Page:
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Attack That Took Down Twitter May've Been Aimed at Just One Blogger

By Aline Reynolds
Aug 7, 2009 11:46 PMNov 5, 2019 8:59 PM


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The cyber-attack that temporarily disabled Twitter and compromised Facebook and LiveJournal was politically motivated and was directed at a pro-Georgian blogger called Cyxymu, says a representative from Facebook. The attack, which paralyzed Twitter for two hours and "degraded" service on Facebook, was one known as a distributed denial of service attack.

This technique uses a network of tens of thousands of compromised computers, known as a "botnet", to flood a website's servers with page view requests, leaving legitimate traffic unable to get through. This huge amount of connection requests can quickly overwhelm a server and, in some cases, cause an entire website to crash [Telegraph]. It seems Twitter, a relatively new service with a U.S.-based infrastructure, couldn't handle the surge in traffic, while Facebook and Google, which have

many key services located internationally, were better-prepared for it. It has not been confirmed who perpetrated the attack, but the blogger says he believes it could have been an attempt by the Russian government to squelch his criticism of

over Russia's conduct in the war over the disputed South Ossetia region, which began a year ago today. "Maybe it was carried out by ordinary hackers but I'm certain the order came from the Russian government" [Guardian], the blogger said. Such a widespread attack, some believe, would only be possible if the coordinator of the attack had access to significant resources.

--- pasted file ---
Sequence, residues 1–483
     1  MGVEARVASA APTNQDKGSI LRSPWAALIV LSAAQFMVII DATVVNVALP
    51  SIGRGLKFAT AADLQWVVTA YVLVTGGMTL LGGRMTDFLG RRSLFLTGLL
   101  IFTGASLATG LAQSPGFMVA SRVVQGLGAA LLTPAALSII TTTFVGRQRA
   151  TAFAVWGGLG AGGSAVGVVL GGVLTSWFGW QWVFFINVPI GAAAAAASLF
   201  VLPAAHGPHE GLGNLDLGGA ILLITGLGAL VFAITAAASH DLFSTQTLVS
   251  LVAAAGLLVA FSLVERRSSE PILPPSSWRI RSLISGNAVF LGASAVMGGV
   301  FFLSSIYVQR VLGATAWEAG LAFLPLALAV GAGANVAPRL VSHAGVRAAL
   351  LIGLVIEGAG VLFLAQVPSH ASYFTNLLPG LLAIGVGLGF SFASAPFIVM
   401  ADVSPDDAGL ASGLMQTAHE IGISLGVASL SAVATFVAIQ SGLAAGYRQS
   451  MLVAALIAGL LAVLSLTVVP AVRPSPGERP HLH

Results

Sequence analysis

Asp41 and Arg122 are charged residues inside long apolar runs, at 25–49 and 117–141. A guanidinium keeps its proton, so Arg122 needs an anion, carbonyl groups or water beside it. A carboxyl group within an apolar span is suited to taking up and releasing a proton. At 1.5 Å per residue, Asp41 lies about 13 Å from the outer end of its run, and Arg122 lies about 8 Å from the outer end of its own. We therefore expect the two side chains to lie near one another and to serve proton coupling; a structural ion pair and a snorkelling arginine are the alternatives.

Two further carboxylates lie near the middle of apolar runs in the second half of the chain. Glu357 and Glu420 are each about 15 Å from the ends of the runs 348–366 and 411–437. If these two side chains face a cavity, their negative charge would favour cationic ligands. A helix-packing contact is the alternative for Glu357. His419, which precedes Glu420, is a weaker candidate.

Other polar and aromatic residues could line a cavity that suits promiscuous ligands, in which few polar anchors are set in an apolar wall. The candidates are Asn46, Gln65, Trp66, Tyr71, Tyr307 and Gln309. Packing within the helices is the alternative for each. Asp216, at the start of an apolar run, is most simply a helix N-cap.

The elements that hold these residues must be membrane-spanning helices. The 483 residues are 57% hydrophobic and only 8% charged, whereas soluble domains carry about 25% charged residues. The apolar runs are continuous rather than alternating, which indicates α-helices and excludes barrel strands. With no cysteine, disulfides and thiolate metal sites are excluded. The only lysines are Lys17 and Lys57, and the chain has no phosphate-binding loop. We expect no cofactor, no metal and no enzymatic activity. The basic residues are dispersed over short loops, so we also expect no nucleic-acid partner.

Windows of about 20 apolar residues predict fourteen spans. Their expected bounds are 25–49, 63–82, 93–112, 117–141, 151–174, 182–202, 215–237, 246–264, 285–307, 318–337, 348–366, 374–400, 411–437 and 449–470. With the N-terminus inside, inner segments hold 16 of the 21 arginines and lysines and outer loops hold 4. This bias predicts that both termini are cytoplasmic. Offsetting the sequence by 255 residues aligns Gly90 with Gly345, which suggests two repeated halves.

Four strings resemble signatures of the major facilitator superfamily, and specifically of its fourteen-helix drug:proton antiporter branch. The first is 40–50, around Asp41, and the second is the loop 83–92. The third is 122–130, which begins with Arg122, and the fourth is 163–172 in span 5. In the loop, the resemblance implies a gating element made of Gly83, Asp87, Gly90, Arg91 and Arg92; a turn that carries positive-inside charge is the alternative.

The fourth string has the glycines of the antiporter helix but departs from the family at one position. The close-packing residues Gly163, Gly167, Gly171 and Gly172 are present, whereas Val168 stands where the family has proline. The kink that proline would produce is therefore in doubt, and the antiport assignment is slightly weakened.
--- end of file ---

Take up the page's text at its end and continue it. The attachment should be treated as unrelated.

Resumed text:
The attack might have actually been the second wave against the blogger, the first wave being a burst of spam email messages, Cyxymu says. "It started when hundreds of thousands of spam emails supposedly from me were sent all over the world suggesting for people to visit one of my blogs. So thousands of people visited it causing it to freeze, and they [LiveJournal] had to block it again. Then the same thing happened with Facebook and Twitter"


This isn't the first time Twitter has been the victim of an attack since the site's founding in 2006. Luckily, though, this attack did not compromise any user data, but instead simply disrupted service, said Twitter co-founder Biz Stone to the BBC. Related Content: 80beats: Twitter Security Breach Reveals Confidential Company Documents 80beats: Cyber Attack Hits Government Web Sites; North Korea Is Blamed 80beats: Researchers Guess Social Security Numbers From Public Data

Image: flickr / Mykl Roventine

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